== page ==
by Alex Ginsberg, 8th grade
Kerbal Space Program, a free-play or “sandbox” video game, is a program that can redefine how middle schoolers and high schoolers alike learn about astrodynamics, orbital mechanics, aerodynamics and basic physics in a fun and enjoyable way. This fact was the motive behind The Philadelphia School’s choice to utilize the app during a winter intensive (elective) focused on the aforementioned STEM concepts. The idea for the intensive was proposed by 8th graders Tony Regli, Grayson Wade, and me, and was facilitated by 7th grade teacher Steve Bartholomew and technology integration specialist Matt Murray.
In our intensive, we had 16 student aeronautical engineers who were divided into four teams. Each team aimed to complete as many challenges and tasks as possible. Some examples of those challenges included successfully launching one’s own rocket, entering into orbit around the home planet, initiating an encounter, completing a flyby, and landing on the moon. In order to gain the most points as a team and win the simulated Kerbal Space Race, experienced student team leaders had to coach fellow students new to the game on how to approach each challenge.
The challenges were scaffolded, beginning with easier tasks, like escaping the atmosphere, followed by more complicated missions, like intercepting with the moon or leaving the earth’s sphere of influence. The simpler the task, the fewer points awarded; the harder the task, the more points awarded. As a student leader in the intensive, I think the points system highly encouraged students to try their hardest to complete a challenge in order to win the space race. It created competition, emulating the feeling of the original space race, which in turn challenged other students to achieve the next task and beat their opponents on the other team - in a constructive way, of course.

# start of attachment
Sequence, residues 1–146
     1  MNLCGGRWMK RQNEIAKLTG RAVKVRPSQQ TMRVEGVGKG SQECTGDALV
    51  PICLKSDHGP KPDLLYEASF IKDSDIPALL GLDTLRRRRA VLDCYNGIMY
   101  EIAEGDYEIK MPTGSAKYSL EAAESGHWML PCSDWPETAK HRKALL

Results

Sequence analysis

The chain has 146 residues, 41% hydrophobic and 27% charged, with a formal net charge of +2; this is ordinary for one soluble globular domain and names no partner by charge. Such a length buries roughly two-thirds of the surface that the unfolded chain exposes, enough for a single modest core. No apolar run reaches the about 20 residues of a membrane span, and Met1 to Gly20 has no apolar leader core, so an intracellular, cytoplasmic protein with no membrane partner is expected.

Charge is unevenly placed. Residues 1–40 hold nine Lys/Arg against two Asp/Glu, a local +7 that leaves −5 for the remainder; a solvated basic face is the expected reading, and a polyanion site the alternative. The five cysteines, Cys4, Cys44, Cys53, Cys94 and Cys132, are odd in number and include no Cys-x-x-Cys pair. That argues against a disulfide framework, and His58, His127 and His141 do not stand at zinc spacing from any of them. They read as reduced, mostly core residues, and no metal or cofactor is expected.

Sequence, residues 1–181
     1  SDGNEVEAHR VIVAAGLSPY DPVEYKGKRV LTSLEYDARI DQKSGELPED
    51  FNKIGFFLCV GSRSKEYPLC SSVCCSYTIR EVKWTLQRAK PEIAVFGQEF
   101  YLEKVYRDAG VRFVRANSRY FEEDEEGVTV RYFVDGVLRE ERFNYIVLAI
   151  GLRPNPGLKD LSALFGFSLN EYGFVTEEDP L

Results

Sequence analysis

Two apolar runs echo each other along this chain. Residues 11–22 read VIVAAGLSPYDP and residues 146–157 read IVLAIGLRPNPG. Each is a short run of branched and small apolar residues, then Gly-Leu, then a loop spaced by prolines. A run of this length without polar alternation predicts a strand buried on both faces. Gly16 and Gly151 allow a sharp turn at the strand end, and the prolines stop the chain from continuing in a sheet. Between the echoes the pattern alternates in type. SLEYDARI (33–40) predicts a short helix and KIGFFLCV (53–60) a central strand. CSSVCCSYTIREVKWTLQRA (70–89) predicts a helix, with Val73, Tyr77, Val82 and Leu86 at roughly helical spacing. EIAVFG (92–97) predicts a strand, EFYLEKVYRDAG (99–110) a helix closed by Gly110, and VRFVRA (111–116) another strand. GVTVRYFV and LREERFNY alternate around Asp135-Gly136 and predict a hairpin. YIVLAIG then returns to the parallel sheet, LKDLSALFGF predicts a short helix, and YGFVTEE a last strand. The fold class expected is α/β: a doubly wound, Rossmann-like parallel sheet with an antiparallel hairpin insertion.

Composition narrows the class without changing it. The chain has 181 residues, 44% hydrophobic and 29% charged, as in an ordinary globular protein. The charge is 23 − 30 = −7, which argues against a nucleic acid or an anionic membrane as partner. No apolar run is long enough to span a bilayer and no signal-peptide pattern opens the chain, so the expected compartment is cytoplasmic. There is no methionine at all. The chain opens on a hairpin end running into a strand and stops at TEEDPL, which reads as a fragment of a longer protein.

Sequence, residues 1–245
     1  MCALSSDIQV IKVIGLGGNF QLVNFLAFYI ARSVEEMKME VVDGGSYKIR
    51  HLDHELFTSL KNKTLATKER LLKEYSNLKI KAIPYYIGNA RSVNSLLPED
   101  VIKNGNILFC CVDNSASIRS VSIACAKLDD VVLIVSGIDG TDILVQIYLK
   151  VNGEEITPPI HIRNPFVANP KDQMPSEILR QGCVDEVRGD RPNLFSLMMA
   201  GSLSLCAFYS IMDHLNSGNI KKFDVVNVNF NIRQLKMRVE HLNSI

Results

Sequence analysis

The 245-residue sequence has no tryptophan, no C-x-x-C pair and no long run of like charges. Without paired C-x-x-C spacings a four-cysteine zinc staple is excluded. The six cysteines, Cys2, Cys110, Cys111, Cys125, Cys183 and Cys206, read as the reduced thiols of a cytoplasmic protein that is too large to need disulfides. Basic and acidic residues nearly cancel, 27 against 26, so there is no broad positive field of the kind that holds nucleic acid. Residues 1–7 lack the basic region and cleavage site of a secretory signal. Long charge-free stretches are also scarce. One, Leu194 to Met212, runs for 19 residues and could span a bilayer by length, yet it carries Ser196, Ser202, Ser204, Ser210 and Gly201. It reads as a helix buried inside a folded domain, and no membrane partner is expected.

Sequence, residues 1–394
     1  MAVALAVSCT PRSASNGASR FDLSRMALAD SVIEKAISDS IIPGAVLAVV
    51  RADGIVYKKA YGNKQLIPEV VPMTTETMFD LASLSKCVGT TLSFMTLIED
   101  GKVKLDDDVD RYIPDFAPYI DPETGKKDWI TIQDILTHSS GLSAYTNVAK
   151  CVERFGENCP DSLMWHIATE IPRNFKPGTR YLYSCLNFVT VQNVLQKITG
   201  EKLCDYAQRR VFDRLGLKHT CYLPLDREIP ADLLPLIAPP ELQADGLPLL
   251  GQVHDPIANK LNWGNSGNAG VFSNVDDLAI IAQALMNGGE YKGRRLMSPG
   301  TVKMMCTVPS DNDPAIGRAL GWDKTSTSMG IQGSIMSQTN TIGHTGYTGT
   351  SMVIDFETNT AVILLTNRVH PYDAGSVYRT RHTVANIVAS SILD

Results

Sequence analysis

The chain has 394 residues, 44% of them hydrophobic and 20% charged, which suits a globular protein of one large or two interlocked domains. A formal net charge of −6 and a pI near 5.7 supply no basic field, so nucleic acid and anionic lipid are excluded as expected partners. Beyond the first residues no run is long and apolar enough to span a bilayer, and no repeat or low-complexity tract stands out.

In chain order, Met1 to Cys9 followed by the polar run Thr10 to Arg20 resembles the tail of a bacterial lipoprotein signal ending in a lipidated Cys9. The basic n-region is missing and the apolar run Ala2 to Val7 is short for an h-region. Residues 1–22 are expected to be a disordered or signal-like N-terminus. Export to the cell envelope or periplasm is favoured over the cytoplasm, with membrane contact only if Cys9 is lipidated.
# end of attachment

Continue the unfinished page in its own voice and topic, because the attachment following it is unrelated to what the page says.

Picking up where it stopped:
Every class would usually start with a video covering a current event in space, like an important recent rocket launch or a novel planetary discovery, which correlated with a subsequent discussion. From lunar landing conspiracy theories to the magic of the “low tech” slide rule, conversations involved relevant astronomy topics and made connections to great minds like Carl Sagan and Neil deGrasse Tyson.
Sometimes we would view tutorials on various aspects of the game, like how to build a more reliable rocket or how to get into an orbit more quickly. After this initial explanation, one of the student leaders would demonstrate one or two strategies for how to play the game. We would then proceed to team time during which students had the ability to go into the game and try to accomplish as many challenges as they could individually or with the helpful input of a nearby student or facilitator.
I feel that the Kerbal Space Program is an engaging and accurate way to teach students about orbital mechanics and physics, but it must be well organized with good supervision and structure so students always have clear goals. Lastly, I hope the intensive is offered for years to come as part of the growing TPS STEM program.
Learn more about what we did here.